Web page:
students

Associate Professor Philip von Doetinchem poses with students at the completion of the week long program.

Nānākuli and Waiʻanae high school students spent a transformative week, June 3-7, building and working with computers. They were in a programming and sciences program called “HIGGS” taught by University of Hawaiʻiat Mānoa physics Associate Professor Philip von Doetinchem. The mentorship program, in its fourth year, aims to increase the digital literacy level of high school students in a college setting that resides in natural sciences and computer programming.

The students were shuttled to the UH Mānoa campus daily where they learned how to use highly versatile and affordable Raspberry Pi computers. Starting from the bare computer central processing unit board, students built up a system with multiple sensors and devices and wrote the corresponding computer code to control them.

In an entirely hands-on approach, the group worked with cameras, read-out-temperature and humidity sensors and measured natural radioactivity levels with Geiger counters controlled by the computer. They toured different laboratories in the physics and astronomy department and the Institute for Astronomy, and sat in on a physics lecture. After successfully completing the program, the students were rewarded with one real college credit.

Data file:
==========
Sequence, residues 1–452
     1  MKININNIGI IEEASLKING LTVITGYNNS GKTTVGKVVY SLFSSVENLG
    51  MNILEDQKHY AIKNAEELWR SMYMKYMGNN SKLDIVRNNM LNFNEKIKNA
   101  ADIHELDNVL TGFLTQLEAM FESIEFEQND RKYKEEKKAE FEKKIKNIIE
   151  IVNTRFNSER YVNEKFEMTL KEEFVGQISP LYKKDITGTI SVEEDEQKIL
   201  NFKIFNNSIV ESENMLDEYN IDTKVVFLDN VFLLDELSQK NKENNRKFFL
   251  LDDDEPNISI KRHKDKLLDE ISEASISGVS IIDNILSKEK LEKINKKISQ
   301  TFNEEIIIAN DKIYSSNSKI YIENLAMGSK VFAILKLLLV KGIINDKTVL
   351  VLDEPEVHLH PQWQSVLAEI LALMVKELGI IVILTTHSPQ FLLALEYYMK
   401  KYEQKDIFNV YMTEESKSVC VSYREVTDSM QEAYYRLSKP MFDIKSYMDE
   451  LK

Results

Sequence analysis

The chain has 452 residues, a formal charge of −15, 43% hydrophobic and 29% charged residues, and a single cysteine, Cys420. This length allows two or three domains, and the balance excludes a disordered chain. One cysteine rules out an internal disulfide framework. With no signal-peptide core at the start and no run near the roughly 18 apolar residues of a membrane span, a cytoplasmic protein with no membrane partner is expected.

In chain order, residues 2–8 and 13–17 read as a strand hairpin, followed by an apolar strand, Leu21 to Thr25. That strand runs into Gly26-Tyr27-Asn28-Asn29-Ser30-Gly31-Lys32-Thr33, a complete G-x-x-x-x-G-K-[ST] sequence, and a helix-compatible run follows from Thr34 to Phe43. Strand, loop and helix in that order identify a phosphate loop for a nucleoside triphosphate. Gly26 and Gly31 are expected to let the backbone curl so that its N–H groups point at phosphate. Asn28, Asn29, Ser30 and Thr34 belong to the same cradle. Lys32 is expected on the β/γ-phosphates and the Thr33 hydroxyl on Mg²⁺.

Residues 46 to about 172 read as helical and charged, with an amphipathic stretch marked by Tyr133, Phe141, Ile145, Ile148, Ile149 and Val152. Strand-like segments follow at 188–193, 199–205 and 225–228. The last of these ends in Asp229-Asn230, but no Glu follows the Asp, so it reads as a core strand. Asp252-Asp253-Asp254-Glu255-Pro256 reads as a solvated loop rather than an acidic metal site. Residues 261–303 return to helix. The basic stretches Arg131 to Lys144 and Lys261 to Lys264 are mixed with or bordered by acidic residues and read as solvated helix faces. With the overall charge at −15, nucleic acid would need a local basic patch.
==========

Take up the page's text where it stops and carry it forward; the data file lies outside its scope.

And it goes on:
“It is really important to show high school students early on what college is about and to expose them to modern research,” Doetinchem said. “Many of the students never had the chance to talk to scientists before. During this week they could get a first glimpse of some of the exciting things that are happening at UH and work with tools that are used in actual research.”

HIGGS has evolved over the years since it started in 2016. “During the first year, the program was hosted at Nānākuli High School with a one day visit to the UH Mānoa campus, but we then decided to move it to a full week on the Mānoa campus starting from 2017,” Doetinchem said. “This was a great decision and really excites the students about college and applying to UH Mānoa. In addition to all the hands-on work we do, having multiple tours of different facilities during the week was a big plus.”

The project was supported by Doetinchem’s National Science Foundation CAREER award and UH Mānoa’s Office for Student Equity, Excellence and Diversity (SEED) Inclusion, Diversity, Equity, Access and Success. He thanked SEED’s Christine Quemuel and Jennifer Barnett along with Mānoa Educational Talent Search’s Janis Dela Cruz, Tasha Kawamata Ryan and Nicholas Childs and for their support.